From the first sip I am struck with the intense buttery thick mouthfeel, it is really amazing, I think if this tea had no taste (oh trust me, it does) and was just relying simply on the mouthfeel I would still be in awe. The tasting starts with sweetness of yeasty bread, butter, and honey, which then moves on to intense hyacinth nectar. The finish though, it swtiches pretty intensely to thick buttery greens, very much so like a mix of cooked bok choy and spinach, it manages to be very green and buttery without being overly savory…umami without the slightly meaty aspect that you get from some green teas, if that makes sense.
The aroma of the second steep is buttery sweet yeasty bread and hyacinth blossoms, again it reminds me of eating bread sitting next to a vase of blooming hyacinth, quite lovely. Again with the intensely thick and buttery mouthfeel, it coats the mouth and is oily without being slimy (drinking teas with coconut, now that I call slimy, this is only oily in sensation and not actual oil, an important distinction.) So this steep is intensely green and buttery, strong notes of turnip greens, cooked bok choy and cooked spinach. Usually when I have an oolong with green notes it is the taste of crushed vegetation (like walking through a forest and crushing leaves underfoot, I am tasting that smell) and not vegetal, so this buttery green intensity is immensely pleasant. The finish is juicy sweet hyacinth nectar that lasts for quite some time.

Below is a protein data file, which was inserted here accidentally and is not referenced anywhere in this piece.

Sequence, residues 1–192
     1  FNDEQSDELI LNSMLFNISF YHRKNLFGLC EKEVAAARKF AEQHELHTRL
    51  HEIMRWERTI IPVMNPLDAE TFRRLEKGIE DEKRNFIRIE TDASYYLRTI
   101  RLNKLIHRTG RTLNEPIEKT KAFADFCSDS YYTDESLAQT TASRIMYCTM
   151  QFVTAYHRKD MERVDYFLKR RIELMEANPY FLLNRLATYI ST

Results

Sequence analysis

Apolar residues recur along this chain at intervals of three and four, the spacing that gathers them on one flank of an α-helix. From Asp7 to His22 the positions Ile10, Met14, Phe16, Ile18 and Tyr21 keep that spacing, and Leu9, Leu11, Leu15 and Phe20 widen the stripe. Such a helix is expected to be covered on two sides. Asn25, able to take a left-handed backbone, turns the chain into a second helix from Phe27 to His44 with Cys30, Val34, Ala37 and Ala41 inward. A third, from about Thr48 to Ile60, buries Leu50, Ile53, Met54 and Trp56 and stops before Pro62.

Third steeping! The aroma is a double punch of hyacinths and lilies with yeasty honey smothered buttery bread, it smells so good! One thing I find really fascinating is how sweet the aroma is and how savory green the taste is, me thinks this is why the taste is savory without being meaty. The taste starts out like the last steep, intensely buttery green with turnip greens, cooked bok choy, and cooked spinach. The finish kinda creeps up on me with a distinct blend of pear and apple that lingers well after the sipping is finished. I got as many steeps out of this tea as I could possibly muster, probably drinking it after it was done, but you know, getting more of this tea is going to be a hassle, so I need to make it last! I even ate the leaves when I was done!